HC5000 Inputs, Remote and Menu System
I liked my options on the HC5000. Typically a person isn't going to run multiple component video cables to a projector, so having one option for each connection type seemed very practical and reasonable. Notably, neither the DVI-D or HDMI are shown to support 1080p/24 (at 48Hz) in the user manual, however Mitsubishi claims that it is supported. Unfortunately, my Toshiba HD-XA2 HD DVD player doesn't (yet) so we'll have to pass on this test for now.
Mitsubishi HC5000 rear connections
The all-important 12V
trigger is present on the rear panel of the HC5000 as is a functional RS-232C
which will make this projector fully compatible with higher-end control
systems. The component inputs are for use with a maximum of 720p/1080i, so if
you've got your Xbox ready to output 1080p, downshift it to 1080i or get the
new version with HDMI outputs. Either way I'm betting it still looks great… and
since I'm not a betting man, I'll toss up the screenshots to prove it.
Mitsubishi HC5000 Remote Control
I liked the layout of the HC5000's remote. All buttons were easily accessible and the backlit function came on when ANY button was pressed - a feature I appreciate and request in any projector remote. The backlight stays on for about 6 seconds which is reasonable, and I liked the arrangement of buttons. What I didn't like was the range and effectiveness of the remote. I was very difficult to control the HC5000, even though I was only about 11.5 feet form the screen. At times I found myself doing contortions to get the remote positioned just right, even aiming it backwards at times when I finally got frustrated. There is no excuse for this type of remote control behavior given the price of this unit and beta testing which certainly must have revealed this prior to release. The reason it is so frustrating is that it takes all of the positive features like motorized zoom, focus and lens shift and turns them into "mini-hassles" which must be endured. Had the remote controlled the system better, then I'd be spending all this energy and literary real estate gushing about how cool it is to use a remote to focus and dial-in the picture.
The Menu System
With the exception of getting in and out of the sub-menus, the menu system on the HC5000 is straightforward and easy to navigate. Sub-menus are somewhat anti-ergonomic and annoying because they force you to scroll all the way to the top to exit a particular area or hit the Menu button rather than the far more intuitive 'left arrow' exiting I see in many other projectors. All whining aside, I was at least happy to see that most of the functions I look for were present and there was a great deal of customization available in the User menu.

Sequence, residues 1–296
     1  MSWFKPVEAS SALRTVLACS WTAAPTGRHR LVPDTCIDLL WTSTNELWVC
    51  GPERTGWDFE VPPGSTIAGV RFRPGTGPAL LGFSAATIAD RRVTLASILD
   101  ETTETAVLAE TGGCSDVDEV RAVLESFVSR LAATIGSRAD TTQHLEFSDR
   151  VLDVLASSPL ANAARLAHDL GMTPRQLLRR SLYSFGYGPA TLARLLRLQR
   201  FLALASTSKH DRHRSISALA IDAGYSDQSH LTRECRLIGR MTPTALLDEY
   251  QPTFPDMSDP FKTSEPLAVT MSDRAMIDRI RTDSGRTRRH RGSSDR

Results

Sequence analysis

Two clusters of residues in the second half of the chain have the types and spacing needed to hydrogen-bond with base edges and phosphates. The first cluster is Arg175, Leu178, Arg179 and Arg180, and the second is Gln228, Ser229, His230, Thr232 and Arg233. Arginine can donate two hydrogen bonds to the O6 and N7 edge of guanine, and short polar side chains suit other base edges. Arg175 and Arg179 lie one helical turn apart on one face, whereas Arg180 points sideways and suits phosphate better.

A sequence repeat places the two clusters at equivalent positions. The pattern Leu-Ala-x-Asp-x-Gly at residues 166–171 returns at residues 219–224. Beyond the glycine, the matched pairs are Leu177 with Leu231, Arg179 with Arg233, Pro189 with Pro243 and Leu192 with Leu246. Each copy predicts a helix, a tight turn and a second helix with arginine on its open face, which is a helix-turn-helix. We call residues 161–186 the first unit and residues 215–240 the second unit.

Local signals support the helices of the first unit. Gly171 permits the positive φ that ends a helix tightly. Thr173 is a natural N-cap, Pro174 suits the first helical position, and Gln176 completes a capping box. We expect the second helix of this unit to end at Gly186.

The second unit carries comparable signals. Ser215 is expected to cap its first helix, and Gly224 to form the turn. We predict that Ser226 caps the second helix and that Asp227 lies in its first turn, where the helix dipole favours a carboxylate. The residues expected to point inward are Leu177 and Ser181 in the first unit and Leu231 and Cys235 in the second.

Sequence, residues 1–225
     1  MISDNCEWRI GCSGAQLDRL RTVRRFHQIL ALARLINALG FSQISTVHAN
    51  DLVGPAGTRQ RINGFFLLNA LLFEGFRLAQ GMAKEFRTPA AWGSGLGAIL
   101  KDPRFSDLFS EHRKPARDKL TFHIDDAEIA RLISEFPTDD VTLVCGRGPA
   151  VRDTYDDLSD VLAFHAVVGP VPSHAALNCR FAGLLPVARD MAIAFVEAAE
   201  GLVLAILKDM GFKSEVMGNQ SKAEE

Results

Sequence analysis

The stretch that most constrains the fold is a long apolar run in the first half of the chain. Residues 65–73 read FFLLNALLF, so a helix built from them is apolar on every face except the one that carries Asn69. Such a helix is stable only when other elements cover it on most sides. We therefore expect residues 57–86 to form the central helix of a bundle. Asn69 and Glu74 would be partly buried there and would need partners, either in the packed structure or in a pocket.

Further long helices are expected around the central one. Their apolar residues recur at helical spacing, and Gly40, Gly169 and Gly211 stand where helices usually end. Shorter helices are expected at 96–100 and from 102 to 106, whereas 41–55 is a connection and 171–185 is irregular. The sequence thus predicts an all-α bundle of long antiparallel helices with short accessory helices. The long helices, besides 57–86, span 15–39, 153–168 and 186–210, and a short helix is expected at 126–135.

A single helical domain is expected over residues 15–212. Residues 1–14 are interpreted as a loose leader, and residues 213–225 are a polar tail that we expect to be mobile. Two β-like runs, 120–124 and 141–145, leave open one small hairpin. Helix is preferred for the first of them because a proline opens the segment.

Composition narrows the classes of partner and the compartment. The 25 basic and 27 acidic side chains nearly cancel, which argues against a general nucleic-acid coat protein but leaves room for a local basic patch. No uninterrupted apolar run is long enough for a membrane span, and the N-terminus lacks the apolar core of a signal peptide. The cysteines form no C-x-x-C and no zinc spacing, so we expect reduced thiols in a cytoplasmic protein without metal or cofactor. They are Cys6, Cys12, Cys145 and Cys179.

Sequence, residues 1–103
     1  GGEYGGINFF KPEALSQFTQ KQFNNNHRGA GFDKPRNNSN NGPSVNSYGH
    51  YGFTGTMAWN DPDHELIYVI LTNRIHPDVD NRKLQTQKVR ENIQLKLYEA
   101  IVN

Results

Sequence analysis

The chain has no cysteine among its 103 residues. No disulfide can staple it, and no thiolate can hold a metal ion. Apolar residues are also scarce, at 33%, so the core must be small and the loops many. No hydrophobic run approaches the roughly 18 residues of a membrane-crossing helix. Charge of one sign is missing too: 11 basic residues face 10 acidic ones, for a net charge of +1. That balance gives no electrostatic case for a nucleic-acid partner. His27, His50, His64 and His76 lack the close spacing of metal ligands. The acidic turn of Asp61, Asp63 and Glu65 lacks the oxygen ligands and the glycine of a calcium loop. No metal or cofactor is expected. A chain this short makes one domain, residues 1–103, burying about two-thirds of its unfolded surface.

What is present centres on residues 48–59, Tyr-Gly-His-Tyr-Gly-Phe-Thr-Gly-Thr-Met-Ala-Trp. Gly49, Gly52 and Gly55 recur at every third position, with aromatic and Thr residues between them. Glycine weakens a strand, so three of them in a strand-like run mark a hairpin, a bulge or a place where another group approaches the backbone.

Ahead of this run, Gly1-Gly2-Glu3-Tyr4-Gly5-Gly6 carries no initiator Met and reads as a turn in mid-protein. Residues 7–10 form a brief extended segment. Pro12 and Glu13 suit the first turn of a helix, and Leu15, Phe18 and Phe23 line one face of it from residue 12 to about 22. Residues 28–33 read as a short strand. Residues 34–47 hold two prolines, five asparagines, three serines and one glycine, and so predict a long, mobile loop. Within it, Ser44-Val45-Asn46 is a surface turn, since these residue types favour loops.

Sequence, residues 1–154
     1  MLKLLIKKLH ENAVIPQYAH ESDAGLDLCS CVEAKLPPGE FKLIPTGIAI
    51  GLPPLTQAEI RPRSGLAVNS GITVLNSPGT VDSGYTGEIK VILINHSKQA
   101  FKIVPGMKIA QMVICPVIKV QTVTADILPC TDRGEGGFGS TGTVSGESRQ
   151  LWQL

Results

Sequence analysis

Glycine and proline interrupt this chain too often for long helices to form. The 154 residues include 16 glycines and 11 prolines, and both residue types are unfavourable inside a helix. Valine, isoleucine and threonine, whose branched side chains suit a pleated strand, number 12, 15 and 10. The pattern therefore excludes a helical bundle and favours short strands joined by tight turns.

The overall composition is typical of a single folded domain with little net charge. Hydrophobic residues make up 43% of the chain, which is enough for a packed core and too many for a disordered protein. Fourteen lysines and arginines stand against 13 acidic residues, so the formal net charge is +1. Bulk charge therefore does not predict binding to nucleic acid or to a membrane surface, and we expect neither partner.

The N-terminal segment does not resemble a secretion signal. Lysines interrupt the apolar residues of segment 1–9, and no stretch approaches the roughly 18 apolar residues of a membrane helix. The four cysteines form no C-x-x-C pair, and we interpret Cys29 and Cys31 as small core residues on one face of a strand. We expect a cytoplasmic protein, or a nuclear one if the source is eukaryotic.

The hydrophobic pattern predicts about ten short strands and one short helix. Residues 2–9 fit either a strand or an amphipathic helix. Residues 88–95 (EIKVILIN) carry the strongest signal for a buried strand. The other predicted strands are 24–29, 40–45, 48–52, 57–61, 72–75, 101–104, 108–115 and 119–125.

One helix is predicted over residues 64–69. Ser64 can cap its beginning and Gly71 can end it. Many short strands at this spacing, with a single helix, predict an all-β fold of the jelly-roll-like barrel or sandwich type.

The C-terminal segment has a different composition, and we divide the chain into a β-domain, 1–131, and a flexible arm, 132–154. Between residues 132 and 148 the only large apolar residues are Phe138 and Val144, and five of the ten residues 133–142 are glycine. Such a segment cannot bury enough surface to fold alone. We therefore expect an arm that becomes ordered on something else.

This grants the user access to Gamma (picture) modes and the typical adjustment settings for the projector like Contrast, Brightness, etc. You can also save your settings to Memory positions which can be recalled from the remote directly. This is very handy if you decide to set up unique modes for difference types of viewing (daytime, nighttime, black & white movies, etc.) AV Memory settings also work across different inputs.
The Installation menu is simply where you configure the most basic functions of the display such as auto on/off, background color (when no signal is present), front/rear projection mode (called "image reverse") and the trigger output. You can also call up a test pattern and lock the lens so that adjustments cannot be made which would throw off the picture (handy for once a system is installed in a ceiling mount configuration).
This menu is a catch-all for such controls as aspect ratio, Menu Dimmer/Position, Setup (a black level mode that we found works best when in Auto or Off), Language and Cinema (deinterlacing) modes.
Primarily for PC interfacing, this menu gives you the ability to access vertical and horizontal positioning, Fine Sync and Tracking adjustments. Users will also find the Overscan function here - be sure to set it to 100% for best scaling results.
This provides info on the currently active source input, delivering signal frequency and resolution. It also shows the lamp hours which will let you know when you're getting close to the time when a new lamp should be ordered.
Just a few nitpicking in your review so that it does not confuse your readers.
"Whether it was pin-striped shirts, or city skylines that would make any jaggie-reduction scream in terror, Batman Begins is a movie that you can test nearly all aspects of a projector's video processing system with."
This sentence is incorrect. The Jaggie-reduction algorithms are not activated when the deinterlacer is in film mode. Edge adaptive interpolation switches on for video deinterlacing NEVER for film mode. The reason for that is you have all the pixels from the complete frame and there is no need for anti-aliasing filter.
"We also confirmed results with 1080i upconversion."
The film mode tests are not valid when you upsample from 480i --> 1080i. In that case you are evaluating the film mode handling of the upsampling DVD player.
I've packed up the unit, so I missed my window to troubleshoot it further.